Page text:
Adoration – I would focus on the words “Christ Jesus the Lord” and think about how Jesus (a name that means “Yahweh saves”) is my Savior, Messiah (what “Christ” means), and Lord (authority over me). It is amazing that Jesus is a Messiah and Lord and yet He chose to die for my sins. That kind of humility, love and kindness is worth worshiping Him for.

Confession – These verses tell us that we should “walk in Him” and abound in thanksgiving. I know that I am often not thankful and I could then confess my lack of thankfulness to the Lord. I could also confess how many times I don’t “walk in him” but choose to walk in my sinful flesh instead.

Thanksgiving – I could thank God for the forgiveness I have in Christ and that He has taught me about Jesus and how to live in a way pleasing to Him. I could thank Him for giving me the faith to receive Christ Jesus as Lord and not reject Him.

Supplication – I could ask God to help me walk in Christ and grow in my thankfulness toward Him. I could pray this same thing for other Christians in my life. I could also pray that people I know that don’t believe and follow Jesus and trust Him as Savior and Lord for the forgiveness of their sins.

That was short and quick. I didn’t take a lot of time choosing that Bible passage. I also didn’t take a lot of time finding things to pray for (lots of practice makes it go quicker).

Let’s look at one familiar Old Testament story: Daniel and the Lion’s Den.

Instead of analyzing the entire story, let’s simply skip to the end where it tells us what King Darius learned. He was the king who was tricked by some of his evil advisors into reluctantly throwing Daniel to the lions because they wanted him killed.

“Then King Darius wrote to all the peoples, nations, and languages that dwell in all the earth: “Peace be multiplied to you. I make a decree, that in all my royal dominion people are to tremble and fear before the God of Daniel, for he is the living God, enduring forever; his kingdom shall never be destroyed, and his dominion shall be to the end. He delivers and rescues; he works signs and wonders in heaven and on earth, he who has saved Daniel from the power of the lions.””

– Daniel 6:25–27

There is quite a bit to worship God for here since this statement is all about who God is and His greatness.

  • Adoration – Praising God for being the living and true God who powerfully does whatever He wishes on the earth. No earthly king can ever thwart His plan or disrupt His kingdom!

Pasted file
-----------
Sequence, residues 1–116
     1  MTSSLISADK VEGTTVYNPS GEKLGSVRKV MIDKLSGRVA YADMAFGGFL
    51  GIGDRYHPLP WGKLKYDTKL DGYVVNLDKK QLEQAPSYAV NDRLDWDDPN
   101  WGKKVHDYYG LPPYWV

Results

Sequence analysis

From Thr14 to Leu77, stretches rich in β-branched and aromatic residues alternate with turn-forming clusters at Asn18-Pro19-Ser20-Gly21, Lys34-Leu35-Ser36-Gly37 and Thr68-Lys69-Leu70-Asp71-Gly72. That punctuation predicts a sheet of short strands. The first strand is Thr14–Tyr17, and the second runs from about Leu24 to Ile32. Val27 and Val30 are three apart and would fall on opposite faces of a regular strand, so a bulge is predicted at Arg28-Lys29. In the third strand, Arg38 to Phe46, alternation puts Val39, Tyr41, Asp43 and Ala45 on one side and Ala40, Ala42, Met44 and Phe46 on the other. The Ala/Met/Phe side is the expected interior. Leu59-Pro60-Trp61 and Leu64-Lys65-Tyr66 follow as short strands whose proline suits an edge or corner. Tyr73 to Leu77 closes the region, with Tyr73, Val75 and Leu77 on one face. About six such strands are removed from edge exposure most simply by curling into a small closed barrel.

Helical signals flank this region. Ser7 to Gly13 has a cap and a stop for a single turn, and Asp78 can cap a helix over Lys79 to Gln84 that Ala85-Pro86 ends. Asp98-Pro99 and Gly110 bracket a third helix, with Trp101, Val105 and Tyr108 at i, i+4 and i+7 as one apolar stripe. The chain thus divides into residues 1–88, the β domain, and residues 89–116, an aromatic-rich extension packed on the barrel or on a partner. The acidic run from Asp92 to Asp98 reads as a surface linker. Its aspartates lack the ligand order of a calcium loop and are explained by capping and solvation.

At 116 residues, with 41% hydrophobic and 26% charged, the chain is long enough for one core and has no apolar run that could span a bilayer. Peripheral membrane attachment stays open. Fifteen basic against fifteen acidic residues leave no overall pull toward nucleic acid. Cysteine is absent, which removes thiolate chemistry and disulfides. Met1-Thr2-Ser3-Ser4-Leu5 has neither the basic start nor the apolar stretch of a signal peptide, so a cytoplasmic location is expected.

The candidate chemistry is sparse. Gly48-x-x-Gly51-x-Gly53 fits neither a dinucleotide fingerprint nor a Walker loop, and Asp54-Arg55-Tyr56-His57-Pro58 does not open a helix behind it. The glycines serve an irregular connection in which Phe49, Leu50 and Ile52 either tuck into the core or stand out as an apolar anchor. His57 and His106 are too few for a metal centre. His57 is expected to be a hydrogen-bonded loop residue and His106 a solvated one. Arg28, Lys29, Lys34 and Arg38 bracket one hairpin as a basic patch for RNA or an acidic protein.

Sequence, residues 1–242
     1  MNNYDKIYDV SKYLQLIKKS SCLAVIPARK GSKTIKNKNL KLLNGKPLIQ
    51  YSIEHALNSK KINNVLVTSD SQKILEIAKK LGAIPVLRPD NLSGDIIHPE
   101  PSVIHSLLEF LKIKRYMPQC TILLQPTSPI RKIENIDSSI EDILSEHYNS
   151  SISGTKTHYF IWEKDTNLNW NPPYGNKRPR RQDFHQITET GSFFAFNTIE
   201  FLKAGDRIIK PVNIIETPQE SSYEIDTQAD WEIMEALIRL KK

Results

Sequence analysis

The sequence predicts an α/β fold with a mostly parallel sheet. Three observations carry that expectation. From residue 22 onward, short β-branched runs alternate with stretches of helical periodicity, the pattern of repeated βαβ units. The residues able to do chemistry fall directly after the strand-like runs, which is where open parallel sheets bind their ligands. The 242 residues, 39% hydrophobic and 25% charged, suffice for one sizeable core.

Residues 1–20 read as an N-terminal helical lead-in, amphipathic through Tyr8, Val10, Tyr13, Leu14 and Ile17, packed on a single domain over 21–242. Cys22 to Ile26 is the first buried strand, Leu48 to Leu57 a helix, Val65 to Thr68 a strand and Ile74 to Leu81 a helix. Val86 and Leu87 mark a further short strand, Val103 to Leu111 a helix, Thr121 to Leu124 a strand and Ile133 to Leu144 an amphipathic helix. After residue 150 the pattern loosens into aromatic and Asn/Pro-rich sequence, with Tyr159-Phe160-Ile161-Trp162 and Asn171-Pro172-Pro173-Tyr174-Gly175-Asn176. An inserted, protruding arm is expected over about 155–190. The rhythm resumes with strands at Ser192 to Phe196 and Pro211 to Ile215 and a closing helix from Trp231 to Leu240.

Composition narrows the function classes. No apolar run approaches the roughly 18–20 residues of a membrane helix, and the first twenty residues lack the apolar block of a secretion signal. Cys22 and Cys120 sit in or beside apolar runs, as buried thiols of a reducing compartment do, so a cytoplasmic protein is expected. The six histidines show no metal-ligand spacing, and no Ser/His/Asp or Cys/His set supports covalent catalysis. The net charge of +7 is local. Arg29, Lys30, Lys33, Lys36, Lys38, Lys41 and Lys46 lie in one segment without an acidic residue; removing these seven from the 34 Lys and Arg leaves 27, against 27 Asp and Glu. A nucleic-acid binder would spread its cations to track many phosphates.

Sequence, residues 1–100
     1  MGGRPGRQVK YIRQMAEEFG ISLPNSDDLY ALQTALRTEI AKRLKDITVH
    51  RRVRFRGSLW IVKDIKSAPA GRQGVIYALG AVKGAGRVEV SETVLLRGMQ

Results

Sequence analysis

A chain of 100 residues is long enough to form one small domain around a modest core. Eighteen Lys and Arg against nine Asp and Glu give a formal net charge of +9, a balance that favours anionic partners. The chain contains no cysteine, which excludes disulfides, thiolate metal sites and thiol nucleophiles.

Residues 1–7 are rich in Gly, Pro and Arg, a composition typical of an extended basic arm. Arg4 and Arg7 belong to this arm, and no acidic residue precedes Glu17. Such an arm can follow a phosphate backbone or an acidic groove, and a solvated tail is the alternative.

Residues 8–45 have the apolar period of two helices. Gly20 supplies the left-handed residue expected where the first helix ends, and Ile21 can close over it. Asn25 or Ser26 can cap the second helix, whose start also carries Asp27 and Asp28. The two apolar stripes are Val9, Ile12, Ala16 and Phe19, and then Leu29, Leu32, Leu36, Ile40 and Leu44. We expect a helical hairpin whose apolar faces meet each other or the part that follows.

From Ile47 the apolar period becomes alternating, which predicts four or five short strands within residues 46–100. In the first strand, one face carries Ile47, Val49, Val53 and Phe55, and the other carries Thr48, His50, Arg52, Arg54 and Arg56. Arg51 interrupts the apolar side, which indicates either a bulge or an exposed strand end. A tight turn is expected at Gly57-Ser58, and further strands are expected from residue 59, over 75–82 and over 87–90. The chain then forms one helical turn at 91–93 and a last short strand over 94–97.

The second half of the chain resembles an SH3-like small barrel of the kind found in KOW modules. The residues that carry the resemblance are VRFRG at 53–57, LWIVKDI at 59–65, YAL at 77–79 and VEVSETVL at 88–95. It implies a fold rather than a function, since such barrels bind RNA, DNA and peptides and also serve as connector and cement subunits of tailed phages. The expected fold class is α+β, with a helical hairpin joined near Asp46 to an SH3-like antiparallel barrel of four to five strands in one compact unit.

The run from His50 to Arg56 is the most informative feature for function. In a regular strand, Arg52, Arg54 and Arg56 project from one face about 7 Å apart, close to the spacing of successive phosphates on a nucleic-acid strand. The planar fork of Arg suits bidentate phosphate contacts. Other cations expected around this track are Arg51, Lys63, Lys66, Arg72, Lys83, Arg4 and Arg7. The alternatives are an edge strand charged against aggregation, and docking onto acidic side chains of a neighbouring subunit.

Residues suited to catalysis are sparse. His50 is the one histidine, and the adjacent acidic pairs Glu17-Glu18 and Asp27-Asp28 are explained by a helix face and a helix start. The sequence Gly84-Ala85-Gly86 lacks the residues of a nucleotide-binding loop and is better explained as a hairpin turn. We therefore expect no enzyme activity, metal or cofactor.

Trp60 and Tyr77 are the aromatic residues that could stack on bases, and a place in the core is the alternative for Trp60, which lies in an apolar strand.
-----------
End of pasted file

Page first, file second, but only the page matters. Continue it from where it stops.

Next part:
• Confession – I might confess to God how little I trust Him in light of how He powerfully controls all things.
  • Thanksgiving – I can thank God that by the power of Jesus Christ He has brought me into His indestructible kingdom and I no longer live in the kingdom of darkness. He has delivered me, not from lions, but from Satan who prowls like a roaring lion seeking someone to devour (1 Peter 5:8).
  • Supplication – I might pray for myself that my view of God’s majesty and authority would grow greatly so I would have greater confidence in Him and His plan and worry less. I might pray for the same for wife and kids. I also might pray that unbelievers I know would see the majesty of King Jesus and take refuge in His kingdom by faith.

You Can Do This

 

Once you get the hang of it, praying Scripture this way can be a lot of fun. You have endless material to fuel your prayer. No matter where you are reading in the Bible, you can always turn that reading into prayer for yourself and others.

I encourage you to give Scripture prayer with the ACTS model a try for a week and see how it might grow and round out your prayer life.

If you feel like your prayer life is in a rut, let God’s very words pull you out and direct you to greater joy.

Jim Rosenquist

Jim Rosenquist

Jim is Founder, Editor, and Author at 4Elect. He holds a Master of Arts in Theological Studies from Reformed Theological Seminary. Jim rejoices that God chooses insignificant people to bring glory to Himself.

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Unless otherwise indicated, Scripture quotations are from The ESV® Bible (The Holy Bible, English Standard Version®), copyright © 2001 by Crossway, a publishing ministry of Good News Publishers. Used by permission. All rights reserved.